4. Use the Fill menu to set the fill color of the rectangles to apply different colors. Experiment by applying both solid and gradient color fills to make each section of the page stand out and contrast the other sections.
  5. Use the Text tool to update the text content for each section. For example, you could change each to reflect the background color of the rectangle below it, like this: This is the blue section.
  6. Test the page by choosing File > Preview Page in Browser. Scroll the page to see the different page sections appear and then be replaced by the next page section.
  7. Close the browser and return to the Muse workspace.

Dynamic type

You can create unusual typographical designs using a combination of motion scroll effects and Adobe Edge Web Fonts. Web fonts let you style text using a wide range of fonts that are loaded when the page loads. Rather than placing and animating images of text created in an image-editing program, you can create pages that look great and are easier to update using Edge Web Fonts. And the scroll effects create a dramatic sense of animation as the page scrolls down.

Follow these steps to create a similar effect with dynamic text:

  1. In Design view, choose Page > Page Properties. Set the Min Height field to a much larger value. In the site example, the minimum height of the page is set to 4,854 pixels.
  2. Set the fill color for the page to none. The browser fill color doesn't matter, because the page will be covered by a long rectangle in the next step.
  3. Use the Rectangle tool to draw a large rectangle that is approximately 1,159 pixels wide by 4,854 pixels high. Use the Fill menu to fill the rectangle with a solid or gradient fill color. In this example, a teal to fuchsia gradient color is applied as the fill. Use the Selection tool to center the rectangle so that it fills the entire browser area. If desired, you can zoom out to ensure that the rectangle is centered on the page.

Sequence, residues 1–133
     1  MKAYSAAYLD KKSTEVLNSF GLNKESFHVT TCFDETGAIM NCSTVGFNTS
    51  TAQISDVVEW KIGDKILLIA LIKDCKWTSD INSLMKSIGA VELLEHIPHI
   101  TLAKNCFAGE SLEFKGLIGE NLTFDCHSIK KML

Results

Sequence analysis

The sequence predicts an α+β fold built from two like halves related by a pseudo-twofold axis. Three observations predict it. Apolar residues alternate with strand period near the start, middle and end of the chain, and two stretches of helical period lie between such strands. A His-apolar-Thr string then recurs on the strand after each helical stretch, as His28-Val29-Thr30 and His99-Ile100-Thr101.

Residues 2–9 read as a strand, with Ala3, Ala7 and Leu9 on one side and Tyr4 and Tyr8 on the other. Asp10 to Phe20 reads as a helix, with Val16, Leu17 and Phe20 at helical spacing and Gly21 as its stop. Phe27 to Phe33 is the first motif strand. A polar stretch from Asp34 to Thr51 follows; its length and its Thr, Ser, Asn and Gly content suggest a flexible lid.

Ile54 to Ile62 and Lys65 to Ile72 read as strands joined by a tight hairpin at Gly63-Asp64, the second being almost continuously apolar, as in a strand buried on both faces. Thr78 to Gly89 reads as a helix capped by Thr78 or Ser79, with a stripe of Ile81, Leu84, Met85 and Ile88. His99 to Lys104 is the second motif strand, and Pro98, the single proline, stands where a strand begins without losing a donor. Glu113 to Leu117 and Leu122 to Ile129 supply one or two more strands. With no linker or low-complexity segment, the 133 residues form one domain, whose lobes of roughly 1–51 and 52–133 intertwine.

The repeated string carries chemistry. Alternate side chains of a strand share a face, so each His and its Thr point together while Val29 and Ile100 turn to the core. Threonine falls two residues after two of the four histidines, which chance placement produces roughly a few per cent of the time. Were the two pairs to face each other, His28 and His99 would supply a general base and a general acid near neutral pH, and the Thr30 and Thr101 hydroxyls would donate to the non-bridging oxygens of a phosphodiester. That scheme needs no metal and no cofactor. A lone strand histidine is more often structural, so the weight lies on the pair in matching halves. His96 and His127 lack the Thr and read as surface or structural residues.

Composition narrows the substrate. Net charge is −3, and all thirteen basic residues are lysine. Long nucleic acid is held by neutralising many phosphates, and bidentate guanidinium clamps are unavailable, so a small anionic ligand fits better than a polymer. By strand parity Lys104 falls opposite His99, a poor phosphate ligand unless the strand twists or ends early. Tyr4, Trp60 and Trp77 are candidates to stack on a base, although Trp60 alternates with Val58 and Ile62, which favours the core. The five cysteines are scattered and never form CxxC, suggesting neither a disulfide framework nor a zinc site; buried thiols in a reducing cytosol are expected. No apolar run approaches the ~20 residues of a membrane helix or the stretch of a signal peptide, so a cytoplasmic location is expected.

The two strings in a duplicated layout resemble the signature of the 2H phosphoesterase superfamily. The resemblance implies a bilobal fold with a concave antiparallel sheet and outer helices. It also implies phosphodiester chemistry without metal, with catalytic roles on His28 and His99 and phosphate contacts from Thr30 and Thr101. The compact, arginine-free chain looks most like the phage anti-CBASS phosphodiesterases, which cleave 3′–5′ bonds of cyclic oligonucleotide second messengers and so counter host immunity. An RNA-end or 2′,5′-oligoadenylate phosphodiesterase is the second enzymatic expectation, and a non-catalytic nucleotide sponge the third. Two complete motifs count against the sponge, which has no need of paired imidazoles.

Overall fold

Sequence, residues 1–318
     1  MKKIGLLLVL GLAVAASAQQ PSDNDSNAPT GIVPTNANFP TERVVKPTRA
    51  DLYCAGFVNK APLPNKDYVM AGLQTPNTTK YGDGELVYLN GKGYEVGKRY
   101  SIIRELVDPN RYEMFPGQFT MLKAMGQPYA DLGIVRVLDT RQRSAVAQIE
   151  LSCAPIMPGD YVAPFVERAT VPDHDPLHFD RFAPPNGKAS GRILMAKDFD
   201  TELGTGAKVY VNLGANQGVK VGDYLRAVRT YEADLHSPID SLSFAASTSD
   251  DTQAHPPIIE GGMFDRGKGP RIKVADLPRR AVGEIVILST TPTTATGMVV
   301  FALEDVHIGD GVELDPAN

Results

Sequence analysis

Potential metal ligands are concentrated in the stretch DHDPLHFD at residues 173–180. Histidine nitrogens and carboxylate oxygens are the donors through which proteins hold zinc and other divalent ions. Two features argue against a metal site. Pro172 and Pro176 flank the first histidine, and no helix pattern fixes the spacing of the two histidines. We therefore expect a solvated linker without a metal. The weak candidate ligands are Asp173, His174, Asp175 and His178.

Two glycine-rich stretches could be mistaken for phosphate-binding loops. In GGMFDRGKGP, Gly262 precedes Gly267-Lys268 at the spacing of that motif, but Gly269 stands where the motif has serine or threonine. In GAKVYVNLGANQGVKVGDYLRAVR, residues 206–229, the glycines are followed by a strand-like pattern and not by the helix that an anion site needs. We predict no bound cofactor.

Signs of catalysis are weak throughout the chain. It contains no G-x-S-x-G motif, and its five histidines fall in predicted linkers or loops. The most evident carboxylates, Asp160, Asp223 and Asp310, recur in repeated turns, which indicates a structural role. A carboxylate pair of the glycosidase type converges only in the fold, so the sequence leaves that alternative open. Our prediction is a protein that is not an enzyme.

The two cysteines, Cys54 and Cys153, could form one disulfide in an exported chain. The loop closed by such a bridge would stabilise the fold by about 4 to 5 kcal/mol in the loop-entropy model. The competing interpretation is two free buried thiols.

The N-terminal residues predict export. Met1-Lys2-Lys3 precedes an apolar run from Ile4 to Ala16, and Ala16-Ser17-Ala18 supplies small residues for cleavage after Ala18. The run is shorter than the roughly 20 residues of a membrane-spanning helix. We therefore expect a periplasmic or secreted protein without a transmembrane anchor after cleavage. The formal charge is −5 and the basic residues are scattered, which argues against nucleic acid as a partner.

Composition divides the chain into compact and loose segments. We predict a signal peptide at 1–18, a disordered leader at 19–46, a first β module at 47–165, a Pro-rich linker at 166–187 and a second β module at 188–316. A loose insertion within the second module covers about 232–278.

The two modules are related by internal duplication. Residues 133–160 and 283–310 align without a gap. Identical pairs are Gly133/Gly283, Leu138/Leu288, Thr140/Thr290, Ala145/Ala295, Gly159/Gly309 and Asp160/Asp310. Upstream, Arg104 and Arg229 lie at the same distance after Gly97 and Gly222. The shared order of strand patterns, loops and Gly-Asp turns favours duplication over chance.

Zoom out and position the rectangle on the center of the long page.
Zoom out and position the rectangle on the center of the long page.

  1. After you center the rectangle, set the magnification in the View menu back to 100%.
  2. On the left side of the page, use the Text tool to create a series of text frames. In this example, there are a total of five text frames. The content of each text frame is listed below, but feel free to enter the text of your choice in each text frame:
    • Five Frames
    • Scrolling
    • At Different Speeds Will
    • Create
    • Dynamic Tension

As an optional extra step, you can duplicate some of the text frames and then apply slightly different styling. In this example, the text frame with the word Create has been duplicated and then the two iterations are layered on top of each other, to create a light blue drop shadow effect.

  1. Use the Text tool to select each of the text frames. Use the Text panel (or the text formatting options in the Control panel) to apply different web fonts, font sizes, colors, and other typography settings to make each text frame stand out.
  2. Select all of the text frames. While they are selected, open the Motion tab of the Scroll Effects panel. Enter the same numeric value to set the key position for all selected text frames at once. (In this example, the key position is set to 1372 pixels). Also set the horizontal direction for both the Initial Motion and the Final Motion sections to right. Set all of the vertical directions for the Initial Motion and Final Motion sections to 0 so the text frames won't move vertically.